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Methods to transcribe and represent classroom video data are central to studying teaching and learning in classrooms. However, current methods focus on encoding and representing data over time, not space. In this paper, we demonstrate the value of a new methodological approach called interaction geography to transcribe and interactively visualize classroom video data over space and time. We use interaction geography to illustrate classroom participation patterns in two case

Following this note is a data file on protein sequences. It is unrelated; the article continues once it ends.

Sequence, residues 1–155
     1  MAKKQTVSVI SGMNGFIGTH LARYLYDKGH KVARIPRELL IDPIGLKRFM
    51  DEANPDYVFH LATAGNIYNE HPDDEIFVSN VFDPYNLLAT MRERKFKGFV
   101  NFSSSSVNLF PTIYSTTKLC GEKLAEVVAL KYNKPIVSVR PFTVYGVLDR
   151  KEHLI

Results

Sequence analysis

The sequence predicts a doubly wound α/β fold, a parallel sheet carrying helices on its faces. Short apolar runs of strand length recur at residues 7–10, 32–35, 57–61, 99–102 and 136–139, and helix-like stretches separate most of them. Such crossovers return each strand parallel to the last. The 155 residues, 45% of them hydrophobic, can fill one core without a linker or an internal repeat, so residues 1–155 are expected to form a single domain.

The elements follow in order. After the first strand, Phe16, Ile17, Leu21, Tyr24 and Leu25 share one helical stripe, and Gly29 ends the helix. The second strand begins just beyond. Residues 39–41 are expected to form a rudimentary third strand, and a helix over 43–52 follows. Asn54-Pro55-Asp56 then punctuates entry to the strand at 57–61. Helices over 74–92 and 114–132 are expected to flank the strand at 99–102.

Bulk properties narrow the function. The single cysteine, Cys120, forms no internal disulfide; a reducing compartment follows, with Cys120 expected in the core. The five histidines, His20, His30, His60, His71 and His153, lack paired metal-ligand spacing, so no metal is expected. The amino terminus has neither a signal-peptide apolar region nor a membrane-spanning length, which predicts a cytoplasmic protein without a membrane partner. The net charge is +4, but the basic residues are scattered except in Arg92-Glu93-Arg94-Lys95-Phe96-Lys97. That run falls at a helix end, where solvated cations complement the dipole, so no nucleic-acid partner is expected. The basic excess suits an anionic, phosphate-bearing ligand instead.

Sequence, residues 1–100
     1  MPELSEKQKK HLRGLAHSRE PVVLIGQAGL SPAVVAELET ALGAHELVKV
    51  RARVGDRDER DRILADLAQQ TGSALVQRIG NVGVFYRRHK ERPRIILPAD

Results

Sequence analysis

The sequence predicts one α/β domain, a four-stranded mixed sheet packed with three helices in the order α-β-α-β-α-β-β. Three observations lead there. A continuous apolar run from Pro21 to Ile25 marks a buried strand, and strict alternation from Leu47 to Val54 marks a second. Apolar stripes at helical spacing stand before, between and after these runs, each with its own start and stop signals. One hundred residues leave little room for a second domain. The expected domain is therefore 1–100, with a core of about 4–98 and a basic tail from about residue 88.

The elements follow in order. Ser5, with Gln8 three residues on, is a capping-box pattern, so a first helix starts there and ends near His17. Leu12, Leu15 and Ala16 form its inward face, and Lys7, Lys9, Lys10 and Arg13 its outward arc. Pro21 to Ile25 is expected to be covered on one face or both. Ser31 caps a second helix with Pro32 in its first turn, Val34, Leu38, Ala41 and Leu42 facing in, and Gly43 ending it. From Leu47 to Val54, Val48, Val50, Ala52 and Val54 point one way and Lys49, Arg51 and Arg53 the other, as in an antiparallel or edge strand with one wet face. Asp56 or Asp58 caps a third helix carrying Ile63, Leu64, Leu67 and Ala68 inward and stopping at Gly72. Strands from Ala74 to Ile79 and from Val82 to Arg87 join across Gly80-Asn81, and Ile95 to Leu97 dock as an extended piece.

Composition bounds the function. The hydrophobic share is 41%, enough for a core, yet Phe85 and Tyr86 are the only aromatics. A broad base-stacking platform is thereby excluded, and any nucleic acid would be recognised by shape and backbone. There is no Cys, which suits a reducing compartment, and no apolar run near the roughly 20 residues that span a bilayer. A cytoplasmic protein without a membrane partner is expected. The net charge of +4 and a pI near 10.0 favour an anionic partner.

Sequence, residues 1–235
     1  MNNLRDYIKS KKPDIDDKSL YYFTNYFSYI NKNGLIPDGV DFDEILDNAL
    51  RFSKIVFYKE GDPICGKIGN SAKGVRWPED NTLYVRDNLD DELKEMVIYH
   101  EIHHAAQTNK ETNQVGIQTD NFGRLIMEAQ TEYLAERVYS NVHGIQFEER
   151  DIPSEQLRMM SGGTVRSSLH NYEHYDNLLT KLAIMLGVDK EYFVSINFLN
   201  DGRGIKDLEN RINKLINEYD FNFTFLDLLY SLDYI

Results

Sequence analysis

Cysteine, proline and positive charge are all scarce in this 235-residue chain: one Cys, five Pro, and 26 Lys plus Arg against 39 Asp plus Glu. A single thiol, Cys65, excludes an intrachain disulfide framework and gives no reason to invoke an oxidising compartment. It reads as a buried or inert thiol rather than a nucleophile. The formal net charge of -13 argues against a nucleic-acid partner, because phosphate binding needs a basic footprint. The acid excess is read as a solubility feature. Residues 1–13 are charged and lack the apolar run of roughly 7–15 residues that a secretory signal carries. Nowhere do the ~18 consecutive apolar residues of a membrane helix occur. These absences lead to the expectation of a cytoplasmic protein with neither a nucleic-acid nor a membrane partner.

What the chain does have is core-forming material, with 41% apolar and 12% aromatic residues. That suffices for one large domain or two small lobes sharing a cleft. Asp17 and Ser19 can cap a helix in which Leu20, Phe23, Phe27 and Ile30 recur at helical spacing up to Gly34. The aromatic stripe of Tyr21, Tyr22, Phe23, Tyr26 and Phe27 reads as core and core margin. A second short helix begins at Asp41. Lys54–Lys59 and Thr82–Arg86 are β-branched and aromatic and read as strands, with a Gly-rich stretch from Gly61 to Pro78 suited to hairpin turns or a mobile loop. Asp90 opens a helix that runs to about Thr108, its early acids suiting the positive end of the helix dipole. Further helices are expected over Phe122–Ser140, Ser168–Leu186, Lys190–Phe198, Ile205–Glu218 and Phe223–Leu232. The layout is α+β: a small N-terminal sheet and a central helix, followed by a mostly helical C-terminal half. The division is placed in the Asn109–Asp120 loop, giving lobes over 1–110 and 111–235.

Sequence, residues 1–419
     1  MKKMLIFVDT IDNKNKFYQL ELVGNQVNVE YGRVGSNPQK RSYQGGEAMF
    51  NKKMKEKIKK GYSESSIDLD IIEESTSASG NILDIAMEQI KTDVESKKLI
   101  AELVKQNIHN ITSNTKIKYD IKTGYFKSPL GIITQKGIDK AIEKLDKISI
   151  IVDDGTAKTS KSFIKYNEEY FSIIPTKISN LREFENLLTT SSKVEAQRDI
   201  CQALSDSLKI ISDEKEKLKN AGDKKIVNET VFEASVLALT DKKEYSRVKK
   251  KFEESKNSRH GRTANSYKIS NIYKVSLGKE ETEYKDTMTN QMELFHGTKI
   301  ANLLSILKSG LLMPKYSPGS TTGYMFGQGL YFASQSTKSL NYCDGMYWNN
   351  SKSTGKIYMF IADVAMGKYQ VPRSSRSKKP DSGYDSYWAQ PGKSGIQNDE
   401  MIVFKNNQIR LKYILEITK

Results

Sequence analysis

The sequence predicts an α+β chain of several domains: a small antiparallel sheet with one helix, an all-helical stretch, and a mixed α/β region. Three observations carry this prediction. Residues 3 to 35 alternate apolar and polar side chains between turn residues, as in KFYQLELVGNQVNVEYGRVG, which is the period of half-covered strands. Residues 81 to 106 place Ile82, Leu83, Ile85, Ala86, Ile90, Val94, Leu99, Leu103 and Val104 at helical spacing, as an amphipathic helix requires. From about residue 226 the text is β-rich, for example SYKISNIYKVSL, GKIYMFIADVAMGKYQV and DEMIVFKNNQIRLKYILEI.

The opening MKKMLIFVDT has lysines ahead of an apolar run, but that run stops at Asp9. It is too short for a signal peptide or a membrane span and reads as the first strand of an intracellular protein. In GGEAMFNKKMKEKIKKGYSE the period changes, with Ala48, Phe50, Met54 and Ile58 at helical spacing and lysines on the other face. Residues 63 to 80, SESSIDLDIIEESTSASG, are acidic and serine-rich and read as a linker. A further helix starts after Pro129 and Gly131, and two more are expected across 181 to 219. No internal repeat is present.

studies from teacher education research that, until now, have been challenging to see. Findings characterize strengths, limitations, and next steps to expand interaction geography in classroom research and suggest new questions to consider when encoding and representing classroom research data over space and time.


Available for download on Friday, December 23, 2022